## Fire Triangle - The Region to be avoided during Cargo Operations

written by: Ricky • edited by: Lamar Stonecypher • updated: 4/3/2009

If it is only the love triangle that you are familiar with, just read this article to know more about the flammable fire triangle in relation to Inert gas systems on board ships. After all the chemistry of both is symbolically related to fire!!!

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### Introduction

Ships contain huge tanks which carry cargo and this cargo is crude oil or any other flammable material proper atmosphere needs to be maintained inside those tanks. Otherwise you can well imagine that the tank could literally act like a bomb. Hence these ships have inert gas systems which are meant to prevent such a situation. Learn about a few basic principles of IG systems in this article

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### The Flammable Triangle

Flammable range refers to the concentration of a gas in air, when the mixture of that hydrocarbon gas and air could lead to ignition. If you think that there is only a minimum amount of hydrocarbon gas below which the mixture will not ignite you are partly right in saying so. The full truth is that even above a certain upper limit the mixture will not ignite as well. These two limits are logically known as the lower flammable limit and the upper flammable limit respectively. Though it would be difficult to give a detailed analysis of the upper and lower limits for each type of gas, a rough idea would put these estimates between 1% and 10% by volume of the hydrocarbon gas in air.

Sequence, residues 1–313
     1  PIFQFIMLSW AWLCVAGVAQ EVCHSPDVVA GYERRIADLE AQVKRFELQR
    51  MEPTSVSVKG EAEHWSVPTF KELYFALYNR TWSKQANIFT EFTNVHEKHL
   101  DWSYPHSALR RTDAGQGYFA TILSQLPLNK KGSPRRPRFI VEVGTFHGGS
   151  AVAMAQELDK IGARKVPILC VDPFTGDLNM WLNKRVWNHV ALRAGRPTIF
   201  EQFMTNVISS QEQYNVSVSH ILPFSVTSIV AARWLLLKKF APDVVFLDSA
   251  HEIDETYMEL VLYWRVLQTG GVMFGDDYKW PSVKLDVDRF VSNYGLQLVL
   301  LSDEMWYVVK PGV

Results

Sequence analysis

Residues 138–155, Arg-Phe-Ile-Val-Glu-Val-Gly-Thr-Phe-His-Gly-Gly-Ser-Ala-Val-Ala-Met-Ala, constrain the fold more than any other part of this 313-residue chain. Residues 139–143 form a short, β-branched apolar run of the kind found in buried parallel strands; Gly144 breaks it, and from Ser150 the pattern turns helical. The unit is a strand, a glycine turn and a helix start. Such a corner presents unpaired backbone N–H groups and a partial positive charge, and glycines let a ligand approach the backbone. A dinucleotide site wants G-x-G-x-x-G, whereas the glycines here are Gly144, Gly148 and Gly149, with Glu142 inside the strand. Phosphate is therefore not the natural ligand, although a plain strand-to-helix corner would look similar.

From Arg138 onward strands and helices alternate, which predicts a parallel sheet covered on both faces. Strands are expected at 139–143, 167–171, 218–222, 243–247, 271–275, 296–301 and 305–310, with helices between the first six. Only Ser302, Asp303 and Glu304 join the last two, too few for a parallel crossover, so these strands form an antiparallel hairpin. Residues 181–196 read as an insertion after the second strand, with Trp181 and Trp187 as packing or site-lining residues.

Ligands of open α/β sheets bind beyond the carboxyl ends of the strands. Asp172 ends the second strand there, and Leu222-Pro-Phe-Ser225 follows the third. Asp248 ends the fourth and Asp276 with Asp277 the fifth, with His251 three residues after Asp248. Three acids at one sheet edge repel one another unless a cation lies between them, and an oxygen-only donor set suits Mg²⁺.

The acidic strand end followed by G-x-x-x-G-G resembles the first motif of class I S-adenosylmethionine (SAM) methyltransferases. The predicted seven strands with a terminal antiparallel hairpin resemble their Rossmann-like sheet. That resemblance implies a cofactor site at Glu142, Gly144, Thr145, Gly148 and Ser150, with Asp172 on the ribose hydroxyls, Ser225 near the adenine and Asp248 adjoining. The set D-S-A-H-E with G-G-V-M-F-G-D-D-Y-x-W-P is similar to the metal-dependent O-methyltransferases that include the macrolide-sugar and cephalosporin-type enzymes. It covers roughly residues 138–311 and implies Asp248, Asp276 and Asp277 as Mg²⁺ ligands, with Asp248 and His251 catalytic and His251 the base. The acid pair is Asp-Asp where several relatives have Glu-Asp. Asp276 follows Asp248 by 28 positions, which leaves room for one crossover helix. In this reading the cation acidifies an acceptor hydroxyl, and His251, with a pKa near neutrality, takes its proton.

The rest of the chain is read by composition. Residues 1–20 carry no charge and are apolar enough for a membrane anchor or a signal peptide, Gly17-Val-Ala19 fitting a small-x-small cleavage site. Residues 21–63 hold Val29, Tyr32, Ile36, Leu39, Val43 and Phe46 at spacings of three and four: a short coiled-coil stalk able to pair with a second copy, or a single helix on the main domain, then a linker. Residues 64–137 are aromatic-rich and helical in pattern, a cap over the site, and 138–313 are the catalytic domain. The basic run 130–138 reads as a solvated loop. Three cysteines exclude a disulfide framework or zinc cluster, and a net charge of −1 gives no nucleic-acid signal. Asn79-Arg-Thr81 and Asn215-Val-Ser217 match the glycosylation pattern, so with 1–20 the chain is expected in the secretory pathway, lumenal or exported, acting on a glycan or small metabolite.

If you are wondering there the triangle concept comes into the picture just take a closer look at the picture shown below and you will be in a position to understand better. The picture shows a graph drawn between the percentage of oxygen by volume vis-à-vis the percentage by volume of hydrocarbon gas inside a tank on a ship. The black coloured triangle which you see towards the right hand side of the graph is the deadly triangle.

If you are big confused about the lot of dotted lines showing various conditions just don’t bother about it. We will learn more about that as we progress in our study of inert gas systems on board ships. For the time being you just need to remember that if you want to keep your tanks and your ship safe, just remain out of the danger zone depicted by the black coloured flammable triangle.

Also keep in mind that the line AB (somewhat vertical line on the right hand side) shows points C and D and those are the lower and upper flammable limits for the mixture as we had mentioned before. If you are not clear about the area or the flammable range to be triangle rather than a straight line just read our next article which explains this concept in little more detail.